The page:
So far, I have identified three different cultural forms that are brought together into this application:
1) data graphics – the central visuals are a bar chart on the first page and a line graph on the second
2) vehicle dashboard gauges – a visual metaphor of a speedometer and odometer is used to represent quantities of energy
3) Icon-based menus from HCI – the primary user interaction is to click on different icons in order to change the unit of measurement
Each of these paradigms suggests different connotations and ways of interpreting that will shape the users understanding of what energy is and how they should react to the data. I plan to criticize how these different paradigms interact in the interface and the relative emphasis given to each by the layout of the page, or ordering of parts.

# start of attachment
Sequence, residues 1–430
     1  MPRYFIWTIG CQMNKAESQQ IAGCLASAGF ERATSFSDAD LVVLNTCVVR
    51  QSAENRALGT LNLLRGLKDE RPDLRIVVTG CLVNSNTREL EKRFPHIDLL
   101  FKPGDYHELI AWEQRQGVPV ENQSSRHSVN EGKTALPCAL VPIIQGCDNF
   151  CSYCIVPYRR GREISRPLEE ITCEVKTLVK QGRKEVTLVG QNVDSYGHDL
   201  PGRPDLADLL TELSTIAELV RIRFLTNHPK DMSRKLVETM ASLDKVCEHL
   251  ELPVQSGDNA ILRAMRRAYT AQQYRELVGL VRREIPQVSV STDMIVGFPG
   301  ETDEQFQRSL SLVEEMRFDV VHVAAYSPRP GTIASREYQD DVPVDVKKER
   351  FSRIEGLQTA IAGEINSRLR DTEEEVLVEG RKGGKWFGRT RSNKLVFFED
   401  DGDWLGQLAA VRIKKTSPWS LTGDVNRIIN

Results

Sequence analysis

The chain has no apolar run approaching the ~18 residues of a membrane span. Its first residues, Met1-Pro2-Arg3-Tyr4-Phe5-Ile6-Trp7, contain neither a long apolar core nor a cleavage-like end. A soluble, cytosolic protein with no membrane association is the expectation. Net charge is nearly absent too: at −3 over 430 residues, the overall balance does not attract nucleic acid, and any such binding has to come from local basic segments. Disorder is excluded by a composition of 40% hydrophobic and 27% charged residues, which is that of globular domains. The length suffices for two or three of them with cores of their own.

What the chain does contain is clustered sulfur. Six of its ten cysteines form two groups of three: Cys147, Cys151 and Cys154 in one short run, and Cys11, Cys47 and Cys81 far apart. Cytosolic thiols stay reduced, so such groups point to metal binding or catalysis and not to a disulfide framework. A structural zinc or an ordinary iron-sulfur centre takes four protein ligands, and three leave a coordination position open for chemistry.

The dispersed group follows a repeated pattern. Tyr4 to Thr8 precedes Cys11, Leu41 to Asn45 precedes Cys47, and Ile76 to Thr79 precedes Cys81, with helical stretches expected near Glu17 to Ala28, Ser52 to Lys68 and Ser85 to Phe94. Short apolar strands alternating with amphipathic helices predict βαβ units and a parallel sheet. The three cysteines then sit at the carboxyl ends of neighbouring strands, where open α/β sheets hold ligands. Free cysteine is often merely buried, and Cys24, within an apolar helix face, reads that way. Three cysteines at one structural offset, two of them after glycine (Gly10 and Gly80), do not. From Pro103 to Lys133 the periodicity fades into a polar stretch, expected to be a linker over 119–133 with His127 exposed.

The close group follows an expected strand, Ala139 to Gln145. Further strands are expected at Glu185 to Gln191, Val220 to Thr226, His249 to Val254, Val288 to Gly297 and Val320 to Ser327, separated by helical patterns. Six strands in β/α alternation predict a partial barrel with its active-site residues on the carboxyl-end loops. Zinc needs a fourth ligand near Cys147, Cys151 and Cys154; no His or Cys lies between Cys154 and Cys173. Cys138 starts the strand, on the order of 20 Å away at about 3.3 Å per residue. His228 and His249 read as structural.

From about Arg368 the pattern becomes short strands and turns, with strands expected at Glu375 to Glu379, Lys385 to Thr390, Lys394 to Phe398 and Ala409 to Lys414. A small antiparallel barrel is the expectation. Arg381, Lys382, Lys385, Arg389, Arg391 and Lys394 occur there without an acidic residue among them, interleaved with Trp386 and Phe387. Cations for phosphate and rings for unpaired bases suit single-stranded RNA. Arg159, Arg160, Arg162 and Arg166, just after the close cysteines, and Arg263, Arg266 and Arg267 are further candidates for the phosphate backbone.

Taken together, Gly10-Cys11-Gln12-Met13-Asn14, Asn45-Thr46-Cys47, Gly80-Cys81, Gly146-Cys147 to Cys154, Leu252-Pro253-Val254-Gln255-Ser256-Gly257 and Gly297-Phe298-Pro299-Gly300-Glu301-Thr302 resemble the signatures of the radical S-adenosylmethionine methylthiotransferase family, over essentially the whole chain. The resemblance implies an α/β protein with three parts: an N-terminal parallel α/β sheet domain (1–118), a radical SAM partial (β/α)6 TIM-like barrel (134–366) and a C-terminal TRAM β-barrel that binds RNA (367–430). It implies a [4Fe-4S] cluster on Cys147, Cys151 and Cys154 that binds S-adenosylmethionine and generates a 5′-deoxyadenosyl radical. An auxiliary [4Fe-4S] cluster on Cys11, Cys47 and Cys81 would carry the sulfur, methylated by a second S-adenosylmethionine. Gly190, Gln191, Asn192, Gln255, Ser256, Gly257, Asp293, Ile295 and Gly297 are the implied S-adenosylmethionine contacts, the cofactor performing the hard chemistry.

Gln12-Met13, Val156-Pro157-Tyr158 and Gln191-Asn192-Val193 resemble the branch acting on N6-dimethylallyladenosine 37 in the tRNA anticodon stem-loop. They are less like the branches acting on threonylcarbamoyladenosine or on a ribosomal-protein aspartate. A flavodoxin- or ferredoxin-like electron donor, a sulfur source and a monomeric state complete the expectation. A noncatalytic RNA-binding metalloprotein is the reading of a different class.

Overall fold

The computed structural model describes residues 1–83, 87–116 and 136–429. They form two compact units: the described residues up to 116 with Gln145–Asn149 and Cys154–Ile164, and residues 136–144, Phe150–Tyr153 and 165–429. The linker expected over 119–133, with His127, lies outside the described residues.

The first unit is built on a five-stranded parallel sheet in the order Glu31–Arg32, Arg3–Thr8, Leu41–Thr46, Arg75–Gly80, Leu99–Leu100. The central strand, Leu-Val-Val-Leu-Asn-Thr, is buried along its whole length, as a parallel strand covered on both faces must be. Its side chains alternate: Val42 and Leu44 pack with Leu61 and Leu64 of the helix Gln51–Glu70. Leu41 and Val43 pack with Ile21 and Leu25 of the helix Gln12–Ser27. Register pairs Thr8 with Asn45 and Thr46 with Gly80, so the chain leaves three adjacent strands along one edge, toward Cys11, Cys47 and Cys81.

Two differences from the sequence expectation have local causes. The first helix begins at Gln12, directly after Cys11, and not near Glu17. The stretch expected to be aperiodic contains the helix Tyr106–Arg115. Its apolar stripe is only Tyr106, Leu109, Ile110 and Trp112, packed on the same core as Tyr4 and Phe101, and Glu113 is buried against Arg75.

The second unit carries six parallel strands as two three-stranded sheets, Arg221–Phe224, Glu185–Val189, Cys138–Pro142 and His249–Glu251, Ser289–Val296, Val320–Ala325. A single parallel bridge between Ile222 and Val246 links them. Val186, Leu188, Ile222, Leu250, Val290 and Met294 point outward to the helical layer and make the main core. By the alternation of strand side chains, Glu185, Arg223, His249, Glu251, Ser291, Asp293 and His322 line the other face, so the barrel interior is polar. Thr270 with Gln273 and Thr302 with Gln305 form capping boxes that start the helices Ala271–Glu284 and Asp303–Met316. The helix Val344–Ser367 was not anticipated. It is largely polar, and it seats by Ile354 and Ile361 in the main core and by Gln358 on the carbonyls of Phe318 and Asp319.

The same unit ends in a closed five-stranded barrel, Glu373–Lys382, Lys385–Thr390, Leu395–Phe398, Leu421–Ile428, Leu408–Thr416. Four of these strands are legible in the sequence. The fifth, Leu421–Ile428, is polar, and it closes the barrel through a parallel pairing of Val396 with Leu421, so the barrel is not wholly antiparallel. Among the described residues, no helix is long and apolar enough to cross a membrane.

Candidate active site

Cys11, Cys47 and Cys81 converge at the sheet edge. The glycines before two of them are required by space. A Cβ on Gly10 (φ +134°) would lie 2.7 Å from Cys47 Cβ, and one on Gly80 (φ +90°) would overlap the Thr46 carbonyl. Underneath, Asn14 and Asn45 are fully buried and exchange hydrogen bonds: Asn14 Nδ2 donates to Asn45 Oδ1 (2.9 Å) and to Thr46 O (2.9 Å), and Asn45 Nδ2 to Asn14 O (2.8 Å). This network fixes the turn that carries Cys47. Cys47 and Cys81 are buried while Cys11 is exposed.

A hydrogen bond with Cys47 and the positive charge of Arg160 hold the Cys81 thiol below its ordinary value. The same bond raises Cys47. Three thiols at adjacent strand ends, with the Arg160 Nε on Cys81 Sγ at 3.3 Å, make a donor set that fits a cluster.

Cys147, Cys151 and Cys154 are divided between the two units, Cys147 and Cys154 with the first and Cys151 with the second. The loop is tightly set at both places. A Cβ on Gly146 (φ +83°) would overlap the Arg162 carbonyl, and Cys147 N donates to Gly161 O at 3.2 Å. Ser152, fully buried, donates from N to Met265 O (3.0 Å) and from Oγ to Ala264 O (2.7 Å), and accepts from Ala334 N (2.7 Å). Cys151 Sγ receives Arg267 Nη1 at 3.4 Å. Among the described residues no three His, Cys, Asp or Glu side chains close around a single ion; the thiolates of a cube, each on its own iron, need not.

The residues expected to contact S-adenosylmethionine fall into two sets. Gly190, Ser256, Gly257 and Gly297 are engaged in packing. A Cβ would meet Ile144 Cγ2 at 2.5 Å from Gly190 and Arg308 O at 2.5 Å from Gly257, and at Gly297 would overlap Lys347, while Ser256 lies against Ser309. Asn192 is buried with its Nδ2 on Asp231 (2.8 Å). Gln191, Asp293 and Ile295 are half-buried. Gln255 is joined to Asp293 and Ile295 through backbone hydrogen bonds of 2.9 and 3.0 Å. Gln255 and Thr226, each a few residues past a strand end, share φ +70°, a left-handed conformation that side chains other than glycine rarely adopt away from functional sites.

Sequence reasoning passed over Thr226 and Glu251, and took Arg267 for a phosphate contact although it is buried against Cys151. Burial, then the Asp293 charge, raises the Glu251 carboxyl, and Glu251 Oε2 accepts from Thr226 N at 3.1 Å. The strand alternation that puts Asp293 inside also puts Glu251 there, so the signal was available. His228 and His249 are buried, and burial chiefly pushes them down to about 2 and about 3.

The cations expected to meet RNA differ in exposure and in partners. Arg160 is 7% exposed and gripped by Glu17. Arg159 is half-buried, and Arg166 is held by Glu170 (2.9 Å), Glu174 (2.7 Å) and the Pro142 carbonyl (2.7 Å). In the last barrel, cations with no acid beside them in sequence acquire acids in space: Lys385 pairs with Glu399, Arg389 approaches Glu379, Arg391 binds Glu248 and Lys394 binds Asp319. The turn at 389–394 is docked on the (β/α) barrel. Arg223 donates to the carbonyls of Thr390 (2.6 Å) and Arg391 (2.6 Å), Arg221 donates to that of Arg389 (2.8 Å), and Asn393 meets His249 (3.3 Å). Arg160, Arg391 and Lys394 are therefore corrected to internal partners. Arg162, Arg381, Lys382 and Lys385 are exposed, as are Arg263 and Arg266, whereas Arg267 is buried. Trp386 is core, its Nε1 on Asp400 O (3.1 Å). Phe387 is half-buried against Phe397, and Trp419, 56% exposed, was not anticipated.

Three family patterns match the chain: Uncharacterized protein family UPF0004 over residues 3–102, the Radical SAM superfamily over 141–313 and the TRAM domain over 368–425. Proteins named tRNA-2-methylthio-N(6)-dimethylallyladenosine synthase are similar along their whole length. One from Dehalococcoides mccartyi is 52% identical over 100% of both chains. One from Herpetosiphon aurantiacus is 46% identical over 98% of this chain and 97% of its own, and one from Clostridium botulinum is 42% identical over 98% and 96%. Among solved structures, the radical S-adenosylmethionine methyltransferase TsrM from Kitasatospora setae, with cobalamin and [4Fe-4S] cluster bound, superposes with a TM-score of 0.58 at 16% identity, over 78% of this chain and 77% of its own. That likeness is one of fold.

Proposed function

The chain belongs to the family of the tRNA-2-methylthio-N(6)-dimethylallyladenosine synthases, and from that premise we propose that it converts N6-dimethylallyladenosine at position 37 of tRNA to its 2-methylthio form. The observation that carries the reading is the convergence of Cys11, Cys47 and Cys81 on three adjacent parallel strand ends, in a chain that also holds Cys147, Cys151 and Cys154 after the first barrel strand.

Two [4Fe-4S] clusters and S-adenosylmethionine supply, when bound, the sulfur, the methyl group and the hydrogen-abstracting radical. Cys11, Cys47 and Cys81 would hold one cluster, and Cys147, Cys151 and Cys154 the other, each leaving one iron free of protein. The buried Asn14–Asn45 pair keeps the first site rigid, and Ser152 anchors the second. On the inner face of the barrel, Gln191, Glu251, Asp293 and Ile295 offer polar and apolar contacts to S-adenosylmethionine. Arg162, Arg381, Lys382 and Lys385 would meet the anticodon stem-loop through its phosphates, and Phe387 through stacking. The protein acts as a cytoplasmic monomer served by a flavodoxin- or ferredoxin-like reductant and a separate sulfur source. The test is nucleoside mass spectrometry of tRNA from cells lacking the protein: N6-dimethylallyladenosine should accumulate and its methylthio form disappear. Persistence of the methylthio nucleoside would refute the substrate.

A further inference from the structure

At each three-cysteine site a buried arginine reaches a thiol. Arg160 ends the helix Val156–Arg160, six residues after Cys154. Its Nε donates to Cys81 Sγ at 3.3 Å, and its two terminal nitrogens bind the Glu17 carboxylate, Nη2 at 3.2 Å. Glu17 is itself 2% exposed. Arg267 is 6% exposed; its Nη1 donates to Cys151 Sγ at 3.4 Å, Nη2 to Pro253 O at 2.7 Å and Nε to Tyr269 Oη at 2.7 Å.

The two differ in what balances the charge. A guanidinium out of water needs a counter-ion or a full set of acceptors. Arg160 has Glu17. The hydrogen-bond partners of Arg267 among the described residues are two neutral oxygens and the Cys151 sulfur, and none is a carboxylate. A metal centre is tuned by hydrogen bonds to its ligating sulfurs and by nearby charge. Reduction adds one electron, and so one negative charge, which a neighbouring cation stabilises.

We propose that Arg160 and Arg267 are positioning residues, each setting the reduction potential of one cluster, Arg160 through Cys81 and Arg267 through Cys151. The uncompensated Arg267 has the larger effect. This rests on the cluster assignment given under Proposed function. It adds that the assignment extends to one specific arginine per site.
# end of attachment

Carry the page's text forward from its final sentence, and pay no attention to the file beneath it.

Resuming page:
To dig deeper, I also want to analyze the paradigmatic choices made within each of these smaller pieces. For example, what is signified about the dorms by the horizontal orientation of the bar chart and the use of colors in coding each bar? Or what is said about the meaning of ‘sulphor dioxide’ by the icon that represents it?
Although I have chosen to look at only two screens for this paper, I am finding that there are a lot of different things to talk about.
I really like this idea as a general goal. And I also like how you have chosen in particular to look at the Oberlin solution, and I think that will work.
One thing I found interesting was that in your list of cultural precursors, all were broadly speaking in the domain of interaction design. So that made me wonder if you were casting your precursor nets widely enough. That in turn made me wonder, well, what other examples are there out there of interfaces that make abstractions visible, tangible, and meaningful, besides computer-based visualizations?